Thanks Beth for sharing today! 

BethBeth was born on the island of Barbados, in the West Indies. Her husband was born in America and her two children were both born in China. She likes to refer to her family as the A-B-C family (America-Barbados-China). She has lived almost all of her adult life in cultures and countries other than her original. This summer she will be relocating to Barbados, and learning how to adjust from living in a city of millions to living on a small island with her husband and kids.

 

If you want to share your story with us please email me at mdmaurer135{at}gmail{dot}com your story in a Word doc along with some photos. I’ll be posting one story every Thursday!

 

 

The Big “D” Word

This post was from a few years ago – I updated it a little, but I turned to it as we are starting to prepare for a move and I will be starting this scenario very soon….but have decided that it is a good idea to declutter at least once a year or even twice. HA!

raisingTCKs

Doesn’t the picture above just make you exhale – to feel like you could sit and stare at the sunset, to forget all that is going on around you? Yep, me too – in fact I’ve learned that some of the clutter that is going on around me is to my own doing – to my own collecting. This has become my equation:

Sell + Trash + Giveaway = Declutter.

To some that is a dirty word. I have to admit, I once could barely utter that word. I remember when we were first newlyweds and my husband got all excited about the first move and used the “D” word. I cringed.
“But, we might need that!” I said with clinched fists.
After about the, oh let’s say, the third move I had come around to liking the word. Declutter meant less to pack into a box and less to unpack…

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An Expat’s Letter to Santa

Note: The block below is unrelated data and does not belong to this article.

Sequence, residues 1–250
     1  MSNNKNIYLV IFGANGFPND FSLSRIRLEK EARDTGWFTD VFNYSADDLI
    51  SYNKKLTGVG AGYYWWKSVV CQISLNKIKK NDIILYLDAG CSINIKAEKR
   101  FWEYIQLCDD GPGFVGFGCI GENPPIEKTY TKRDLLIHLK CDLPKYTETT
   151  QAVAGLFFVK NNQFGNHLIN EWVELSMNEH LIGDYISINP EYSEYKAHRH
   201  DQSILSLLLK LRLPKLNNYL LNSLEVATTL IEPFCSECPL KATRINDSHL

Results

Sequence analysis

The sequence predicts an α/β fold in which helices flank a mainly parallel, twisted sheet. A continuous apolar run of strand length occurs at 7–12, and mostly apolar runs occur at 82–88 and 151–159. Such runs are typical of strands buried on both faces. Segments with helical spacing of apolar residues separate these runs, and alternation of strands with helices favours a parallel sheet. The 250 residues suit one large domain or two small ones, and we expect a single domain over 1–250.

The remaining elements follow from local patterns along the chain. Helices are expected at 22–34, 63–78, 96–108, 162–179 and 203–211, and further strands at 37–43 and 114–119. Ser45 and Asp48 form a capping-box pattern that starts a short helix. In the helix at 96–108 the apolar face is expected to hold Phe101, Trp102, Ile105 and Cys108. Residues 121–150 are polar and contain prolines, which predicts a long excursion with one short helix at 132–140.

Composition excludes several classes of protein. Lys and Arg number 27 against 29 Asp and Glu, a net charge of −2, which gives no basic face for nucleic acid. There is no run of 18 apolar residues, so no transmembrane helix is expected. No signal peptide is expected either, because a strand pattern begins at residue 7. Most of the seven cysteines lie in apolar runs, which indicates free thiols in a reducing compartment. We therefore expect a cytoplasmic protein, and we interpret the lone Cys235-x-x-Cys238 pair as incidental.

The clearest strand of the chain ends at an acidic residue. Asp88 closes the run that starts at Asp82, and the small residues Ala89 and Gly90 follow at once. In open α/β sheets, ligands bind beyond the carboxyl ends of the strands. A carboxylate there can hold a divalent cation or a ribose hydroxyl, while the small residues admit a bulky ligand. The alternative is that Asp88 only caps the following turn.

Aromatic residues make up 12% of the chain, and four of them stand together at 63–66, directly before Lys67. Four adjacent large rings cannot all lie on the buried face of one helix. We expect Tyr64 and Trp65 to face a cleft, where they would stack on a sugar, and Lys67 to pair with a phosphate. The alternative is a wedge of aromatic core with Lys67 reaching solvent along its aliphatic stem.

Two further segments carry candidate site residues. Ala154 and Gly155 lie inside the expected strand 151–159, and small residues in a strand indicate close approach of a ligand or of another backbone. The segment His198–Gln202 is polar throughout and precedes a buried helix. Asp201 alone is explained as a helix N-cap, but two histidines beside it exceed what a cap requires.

Okay another older post….but one that is lighthearted and one I had fun writing. I think I’d add Anti-jetlag vitamins since we are headed to Germany to visit family there. Jetlag and kids during the holidays is tough on the attitude.
What would your Letter to Santa look like this year?

raisingTCKs

Dear Santa,A&P, COFFEE, SANTA CLAUS

I’m sure you are one busy man this time of year. I can’t imagine, as I only have three kids, not millions to check on. I don’t want to take up too much of your precious time, as I know you have quite a few of these letters to read. So, here it goes:

This year I’d like…

1. Language – the ability to communicate clearly with the locals around me. I know I could study more, but if you could just give me the language, then I would be able to understand the man on the phone telling me that a package has arrived for us and I need to get it soon. I’d also like to be able to read in this new language. It would be so helpful with the public notices in our elevator, especially today when the water went off during my shower…

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A TCK’s Christmas Tree

This is an older post, but I wanted to bring it out of the dark and dusty closet.

raisingTCKs

Last time I talked about the Expat Christmas Tree, all the ornaments that we have representing the places we were at during the holiday season. Those ornaments are mine and my husband’s, not our kids’. They will have the opportunity to have them when we are finished with them one day.

My kids have their own ornaments. This is a tradition that my mother started years ago with me. When I was young, I received one ornament each Christmas until I left home.

She has carried out this tradition with my children. They each get an ornament each Christmas.

It is not anything huge or grand, but it is to them.

Each year we let them hang their ornament on the tree. They look at the train or the princess in detail and talk about the year they got that. They hang up their precious ornament with care. They brag…